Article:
Draymond Green crossed a line Monday by getting into Kevin Durant’s pocket, at least metaphorically. And this, kids, is how teams can be changed on the fly despite everyone’s best intentions.
Can, that is. Whether it will is entirely up to Durant, and to a much lesser extent Green.
Green was suspended by the Warriors for Tuesday’s game against the Atlanta Hawks for “conduct detrimental to the team.” Or, in layman’s terms, for leading with his mouth instead of his head, the two most formidable weapons in his interpersonal arsenal.
Green put his head down in the final possession of regulation Monday night, and dribbled the length of the floor instead of either giving the ball immediately to Kevin Durant or seeking Klay Thompson. The ensuing turnover killed the possession, and the Warriors lost to the Los Angeles Clippers in overtime to fall to 11-3.
Game 14, we remind you. Loss No. 3. Under normal circumstances, this would be nothing of note.
But Durant, who had called for the ball as Green took off down the floor, clearly was irked, and after Green reportedly brought up Durant’s pending free agency during the post-possession argument, the place teammates do not dare go had been invaded.
So the timing was irrelevant. What was relevant was that Green walked up to the line he typically straddles well and jumped well over it, to the point where Warriors general manager Bob Myers and coach Steve Kerr had a simple decision to make -- show Green the third rail and how far beyond it he is, or ignore it and lose Durant for sure.
They chose wisely. They would have chosen wisely if Green had said it to anyone else on the team, because at some point the talent/tolerance scale simply is too unbalanced to endure. Green got personal instead of professional, and Durant as the aggrieved party stood in opposition, as did his teammates. They love Green, but sometimes love comes with a boot.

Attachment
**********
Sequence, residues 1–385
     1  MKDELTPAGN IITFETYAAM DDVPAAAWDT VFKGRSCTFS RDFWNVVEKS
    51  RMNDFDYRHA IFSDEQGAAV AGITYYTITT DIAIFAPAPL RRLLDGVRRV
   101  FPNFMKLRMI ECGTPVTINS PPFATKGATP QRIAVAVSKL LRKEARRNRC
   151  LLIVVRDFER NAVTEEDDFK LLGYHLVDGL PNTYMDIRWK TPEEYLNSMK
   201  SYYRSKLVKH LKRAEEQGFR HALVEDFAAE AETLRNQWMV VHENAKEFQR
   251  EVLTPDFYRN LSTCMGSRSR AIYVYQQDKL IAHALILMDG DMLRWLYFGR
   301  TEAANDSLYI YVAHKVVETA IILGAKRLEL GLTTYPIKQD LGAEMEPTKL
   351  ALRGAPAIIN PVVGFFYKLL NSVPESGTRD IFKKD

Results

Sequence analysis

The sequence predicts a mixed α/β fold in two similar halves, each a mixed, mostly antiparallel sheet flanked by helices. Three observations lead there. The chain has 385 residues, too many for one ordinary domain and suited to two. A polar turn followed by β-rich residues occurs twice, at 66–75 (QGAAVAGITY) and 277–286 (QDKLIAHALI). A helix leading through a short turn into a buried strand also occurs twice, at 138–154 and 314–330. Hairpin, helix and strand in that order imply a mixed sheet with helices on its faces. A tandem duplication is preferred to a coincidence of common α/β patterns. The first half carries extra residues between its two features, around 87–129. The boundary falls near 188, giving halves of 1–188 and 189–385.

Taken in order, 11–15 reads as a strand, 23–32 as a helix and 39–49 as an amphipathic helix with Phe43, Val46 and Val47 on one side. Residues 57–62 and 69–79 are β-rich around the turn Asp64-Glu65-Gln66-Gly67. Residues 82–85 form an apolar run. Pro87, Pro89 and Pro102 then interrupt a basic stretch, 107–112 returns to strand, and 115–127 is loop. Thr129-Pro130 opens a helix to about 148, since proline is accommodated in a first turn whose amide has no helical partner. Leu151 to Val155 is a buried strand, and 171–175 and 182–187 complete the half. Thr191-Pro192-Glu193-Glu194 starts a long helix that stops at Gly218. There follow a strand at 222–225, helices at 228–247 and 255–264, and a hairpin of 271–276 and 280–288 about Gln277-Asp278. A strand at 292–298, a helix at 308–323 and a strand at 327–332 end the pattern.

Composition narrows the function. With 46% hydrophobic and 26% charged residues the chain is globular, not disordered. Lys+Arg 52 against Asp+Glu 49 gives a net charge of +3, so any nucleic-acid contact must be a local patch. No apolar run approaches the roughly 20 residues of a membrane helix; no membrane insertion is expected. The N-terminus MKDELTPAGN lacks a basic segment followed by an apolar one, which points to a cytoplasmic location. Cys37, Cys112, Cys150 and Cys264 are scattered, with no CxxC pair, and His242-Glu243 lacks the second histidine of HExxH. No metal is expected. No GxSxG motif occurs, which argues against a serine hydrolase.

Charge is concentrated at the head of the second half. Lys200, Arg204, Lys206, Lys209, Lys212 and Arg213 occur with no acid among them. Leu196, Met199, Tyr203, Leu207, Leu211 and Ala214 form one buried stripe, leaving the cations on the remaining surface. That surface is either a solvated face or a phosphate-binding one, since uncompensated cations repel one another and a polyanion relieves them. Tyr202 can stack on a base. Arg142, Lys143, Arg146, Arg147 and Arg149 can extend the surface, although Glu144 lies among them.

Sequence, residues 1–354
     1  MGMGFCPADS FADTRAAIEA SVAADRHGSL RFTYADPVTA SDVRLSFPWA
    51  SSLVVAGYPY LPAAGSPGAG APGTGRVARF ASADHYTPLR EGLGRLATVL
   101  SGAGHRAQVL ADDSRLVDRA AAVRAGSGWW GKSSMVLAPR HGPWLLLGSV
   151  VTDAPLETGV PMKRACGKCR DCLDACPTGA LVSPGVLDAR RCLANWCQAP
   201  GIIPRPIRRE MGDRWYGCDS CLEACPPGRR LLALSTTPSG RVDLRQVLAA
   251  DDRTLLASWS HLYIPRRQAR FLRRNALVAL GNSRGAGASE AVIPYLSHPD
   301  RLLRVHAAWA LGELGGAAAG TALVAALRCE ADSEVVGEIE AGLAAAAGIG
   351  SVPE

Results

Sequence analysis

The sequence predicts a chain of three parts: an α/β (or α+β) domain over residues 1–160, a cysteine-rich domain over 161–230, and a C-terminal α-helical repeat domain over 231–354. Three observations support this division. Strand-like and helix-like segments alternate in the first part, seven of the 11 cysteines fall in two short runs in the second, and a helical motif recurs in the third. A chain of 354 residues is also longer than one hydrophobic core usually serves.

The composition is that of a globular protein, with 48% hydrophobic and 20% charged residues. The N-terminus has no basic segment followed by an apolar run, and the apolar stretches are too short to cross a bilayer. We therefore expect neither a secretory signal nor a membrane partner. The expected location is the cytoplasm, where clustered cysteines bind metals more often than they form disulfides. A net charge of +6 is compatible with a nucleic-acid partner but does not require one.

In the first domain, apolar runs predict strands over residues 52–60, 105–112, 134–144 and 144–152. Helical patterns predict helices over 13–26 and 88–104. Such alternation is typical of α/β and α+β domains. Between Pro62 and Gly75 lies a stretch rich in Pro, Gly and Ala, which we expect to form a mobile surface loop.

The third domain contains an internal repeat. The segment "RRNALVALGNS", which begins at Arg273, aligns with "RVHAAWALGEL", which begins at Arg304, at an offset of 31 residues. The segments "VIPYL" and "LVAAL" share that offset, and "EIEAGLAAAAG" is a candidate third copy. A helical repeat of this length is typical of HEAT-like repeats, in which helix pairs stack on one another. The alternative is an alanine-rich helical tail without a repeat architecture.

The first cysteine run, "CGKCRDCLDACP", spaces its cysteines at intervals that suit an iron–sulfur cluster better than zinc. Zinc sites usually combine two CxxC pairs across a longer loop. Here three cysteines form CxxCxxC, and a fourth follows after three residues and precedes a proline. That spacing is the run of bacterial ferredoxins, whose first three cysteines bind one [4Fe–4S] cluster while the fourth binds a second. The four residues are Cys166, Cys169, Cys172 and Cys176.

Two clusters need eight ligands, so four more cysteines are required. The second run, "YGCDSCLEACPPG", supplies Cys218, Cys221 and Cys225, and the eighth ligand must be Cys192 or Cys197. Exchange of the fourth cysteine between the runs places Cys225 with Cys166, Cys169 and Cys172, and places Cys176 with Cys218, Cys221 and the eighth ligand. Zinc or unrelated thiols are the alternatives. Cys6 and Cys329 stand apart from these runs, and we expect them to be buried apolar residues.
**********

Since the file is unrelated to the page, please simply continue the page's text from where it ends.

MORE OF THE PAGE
How this affects Durant’s future, of course, is the next avenue of speculation. Durant's free-agency plan in 2019-20 always has been his anyway, but only he can determine whether this is the beat that ruins the record and sends him to New York or Los Angeles. One would like to think he has weeks to let this pave over, but “one” is not him, and how Green takes both his suspension and his medicine upon returning will have something to do with Durant’s choice.
But in the shorter term, it makes Durant’s future even more of a debating point between now and July. It certainly damages the notion that Golden State, either the Oakland or San Francisco version, is the safest and most tranquil place for Durant to cement his fortune.
In short, the Warriors’ only decision to date -- how best to sweet-talk Durant into taking all the money -- now could be a different one. Namely, if this is an either-Durant-or-Green problem. The suspension gives us a hint as to how they’re leaning.
It all depends, again, on whether Durant considers this an irreparable breach of protocol between colleagues, or just one of those Draymond things that Draymond needs to make right.
Either way, things just got weird on the Least Weird Team In The World, and drama has come to visit the team that under normal circumstances is least affected by it.
The sometimes bizarre world that other teams know all too well (see Timberwolves, Minnesota and Butler, Jimmy) has come to spend some time in the Golden State locker room. This ought to be good.
Or if nothing else, good and weird. Either way, Draymond Green has some thinking to do. And then, so does Kevin Durant.